Journal Article
2016-01-0540
Minoru Akahori, Tatsuya Kano, Takayoshi Takahira, Tetsuo Goto, Katsuhiro Kajikawa, Nobuyo Kondo
Abstract A highly anti-corrosive organic-inorganic hybrid paint for automotive steel parts has been developed. The inorganic component included in the paint is silicon dioxide (SiO2), which has the capability to passivate zinc. By application of the paint on a trivalent chromatetreated zinc-plated steel sheet or a trivalent chromate-treated zinc-nickel-plated steel sheet, high anti-corrosion protection can be provided to steel materials. Particularly in the case of application over a zinc-nickel-plated steel sheet, 0 mm corrosion depth after a cyclic corrosion test (CCT) of 450 cycles was demonstrated.
2016-04-05
Journal Article
2016-01-0524
Venkat Pisipati, Srikanth Krishnaraj, Amy McGuckin Webb, Pavankumar Reddy Kandukuri
Abstract The Automotive industry’s use of digital technology such as Computer Aided Engineering (CAE) to perform virtual validation has progressed to effectively replace a large percentage of physical validation. This is primarily due to the increased accuracy and cost/time efficiencies that virtual validation offers compared to conventional physical prototyping and testing. With product development (PD) cycles becoming more compressed, CAE has assumed a more significant role in early, advanced design and structural evaluation. One of the areas where CAE is widely employed is in development of the Instrument Panel (IP) commonly referred to as the dashboard. For the purposes of this study, the term IP represents the plastic/polymer structure only, and not the full IP sub-system. The IP sub-system includes the structural member, the Cross Car Beam (CCB) assembly and all the IP mounted modules.
2016-04-05
Technical Paper
2016-01-1441
Jonathan Frank Antin, Justin Owens, James Foley, Kazutoshi Ebe, Brian Wotring
Abstract This study presents a long-term examination of the effects of two types of perceptual-cognitive brain training programs on senior driver behavior and on-road driving performance. Seniors (70+) engaged in either a Toyota-designed in-vehicle training program based on implicit learning principles or a commercially available computer-based training program developed by Posit Science. Another group served as a no-contact control group; total enrollment was 55 participants. Participants completed a series of four experimental sessions: (1) baseline pre-training, (2) immediate post-training, (3) 6-9 months post-training, and (4) 12-16 months post-training. Experimental metrics taken at each session included measures of vehicle control and driver glance behavior on public roads.
2016-04-05
Technical Paper
2016-01-1365
Siddharth Bhupendra Unadkat, Suhas Kangde, Mahalingesh Burkul, Mahesh Badireddy
Abstract The overall automotive industry is moving toward first time right test which in turn needs first time right analysis. This is due to the enormous pressure of cost, mass, time to market and availability of prototype vehicles for testing. Use of finite element methods enables to upfront predict the system behavior in operating conditions and evaluation of structural strength. In vehicle product development process, hood slam durability evaluation is one of the important tests for body closure structure. Current work showcases an effort made for developing virtual hood slam test. The virtual model consists of BIW, hood, hinge joint, interface like CRFM (cooling-radiator-fan module) and latch mechanism with spring preload. Analysis performed with LSDyna solver. An impact loading is applied by converting potential energy to kinetic energy, mimicking the hood dropping from a specified height on the hood latch.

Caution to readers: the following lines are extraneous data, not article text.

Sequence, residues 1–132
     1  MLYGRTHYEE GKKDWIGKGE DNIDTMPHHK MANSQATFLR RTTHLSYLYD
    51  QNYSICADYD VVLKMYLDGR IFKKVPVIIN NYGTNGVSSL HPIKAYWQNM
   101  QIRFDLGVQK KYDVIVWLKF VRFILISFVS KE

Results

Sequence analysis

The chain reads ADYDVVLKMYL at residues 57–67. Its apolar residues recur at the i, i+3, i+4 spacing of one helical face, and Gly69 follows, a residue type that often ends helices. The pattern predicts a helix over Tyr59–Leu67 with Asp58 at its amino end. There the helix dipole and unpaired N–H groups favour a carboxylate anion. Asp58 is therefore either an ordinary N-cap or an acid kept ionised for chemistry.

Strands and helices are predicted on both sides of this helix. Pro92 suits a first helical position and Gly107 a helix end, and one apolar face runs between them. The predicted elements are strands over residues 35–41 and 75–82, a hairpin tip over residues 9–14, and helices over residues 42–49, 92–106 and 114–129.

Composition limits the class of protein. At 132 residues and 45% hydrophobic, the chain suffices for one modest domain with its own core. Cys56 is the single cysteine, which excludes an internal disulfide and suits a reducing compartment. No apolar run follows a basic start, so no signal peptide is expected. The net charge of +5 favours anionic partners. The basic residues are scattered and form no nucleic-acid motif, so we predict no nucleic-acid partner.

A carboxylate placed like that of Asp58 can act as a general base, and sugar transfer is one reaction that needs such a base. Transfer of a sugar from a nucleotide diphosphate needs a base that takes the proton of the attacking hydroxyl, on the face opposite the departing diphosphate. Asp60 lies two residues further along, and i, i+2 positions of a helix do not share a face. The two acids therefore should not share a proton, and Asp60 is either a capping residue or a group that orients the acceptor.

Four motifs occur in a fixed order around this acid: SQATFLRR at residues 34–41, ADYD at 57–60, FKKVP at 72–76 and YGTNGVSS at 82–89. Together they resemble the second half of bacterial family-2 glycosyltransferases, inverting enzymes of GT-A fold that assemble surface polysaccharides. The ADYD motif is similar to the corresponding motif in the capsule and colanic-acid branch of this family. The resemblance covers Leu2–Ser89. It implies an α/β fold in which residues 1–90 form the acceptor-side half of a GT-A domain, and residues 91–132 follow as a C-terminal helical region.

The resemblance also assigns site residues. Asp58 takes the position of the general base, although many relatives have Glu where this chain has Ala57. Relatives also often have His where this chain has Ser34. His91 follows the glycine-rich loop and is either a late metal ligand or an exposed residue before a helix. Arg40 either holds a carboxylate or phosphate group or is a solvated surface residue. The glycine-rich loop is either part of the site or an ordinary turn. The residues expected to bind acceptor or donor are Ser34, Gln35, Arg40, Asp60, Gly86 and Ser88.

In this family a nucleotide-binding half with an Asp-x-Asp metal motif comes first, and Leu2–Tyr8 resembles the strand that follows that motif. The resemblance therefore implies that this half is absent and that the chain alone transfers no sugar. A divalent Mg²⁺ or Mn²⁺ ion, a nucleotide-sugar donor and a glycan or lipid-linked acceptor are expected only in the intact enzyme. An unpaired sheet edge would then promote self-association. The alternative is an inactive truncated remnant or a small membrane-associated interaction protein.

2016-04-05
Technical Paper
2016-01-1429
Jangwoon Park, Sheila Ebert-Hamilton, K. Han Kim, Monica Jones, Byoung-Keon Park, Matthew Reed
Abstract This paper reports on the development and validation of an automated seat-dimension extraction system that can efficiently and reliably measure SAE J2732 (2008) seat dimensions from 3D seat scan data. The automated dimension-extraction process consists of four phases: (1) import 3D seat scan data along with seat reference information such as H-point location, back and cushion angles, (2) calculate centerline and lateral cross-section lines on the imported 3D seat scan data, (3) identify landmarks on the centerline and cross-section lines based on the SAE J2732 definitions, and (4) measure seat-dimensions using the identified landmarks. To validate the automated seat measurements, manually measured dimensions in a computer-aided-design (CAD) environment and automatically extracted ones in the current system were compared in terms of mean discrepancy and intra- and inter-observer standard deviations (SD).
2016-04-05
Technical Paper
2016-01-1419
Helen S. Loeb, Sam Chamberlain, Yi-Ching Lee